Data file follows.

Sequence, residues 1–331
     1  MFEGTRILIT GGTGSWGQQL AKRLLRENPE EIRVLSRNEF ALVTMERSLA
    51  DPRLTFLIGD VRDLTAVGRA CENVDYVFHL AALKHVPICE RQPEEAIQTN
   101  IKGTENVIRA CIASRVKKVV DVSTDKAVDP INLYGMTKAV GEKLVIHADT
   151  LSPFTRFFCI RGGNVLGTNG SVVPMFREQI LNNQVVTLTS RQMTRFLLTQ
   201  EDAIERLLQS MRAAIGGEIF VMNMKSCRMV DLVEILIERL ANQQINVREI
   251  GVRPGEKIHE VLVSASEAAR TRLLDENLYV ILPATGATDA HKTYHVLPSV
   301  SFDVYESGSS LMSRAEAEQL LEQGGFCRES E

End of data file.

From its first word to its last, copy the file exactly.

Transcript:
Sequence, residues 1–331
     1  MFEGTRILIT GGTGSWGQQL AKRLLRENPE EIRVLSRNEF ALVTMERSLA
    51  DPRLTFLIGD VRDLTAVGRA CENVDYVFHL AALKHVPICE RQPEEAIQTN
   101  IKGTENVIRA CIASRVKKVV DVSTDKAVDP INLYGMTKAV GEKLVIHADT
   151  LSPFTRFFCI RGGNVLGTNG SVVPMFREQI LNNQVVTLTS RQMTRFLLTQ
   201  EDAIERLLQS MRAAIGGEIF VMNMKSCRMV DLVEILIERL ANQQINVREI
   251  GVRPGEKIHE VLVSASEAAR TRLLDENLYV ILPATGATDA HKTYHVLPSV
   301  SFDVYESGSS LMSRAEAEQL LEQGGFCRES E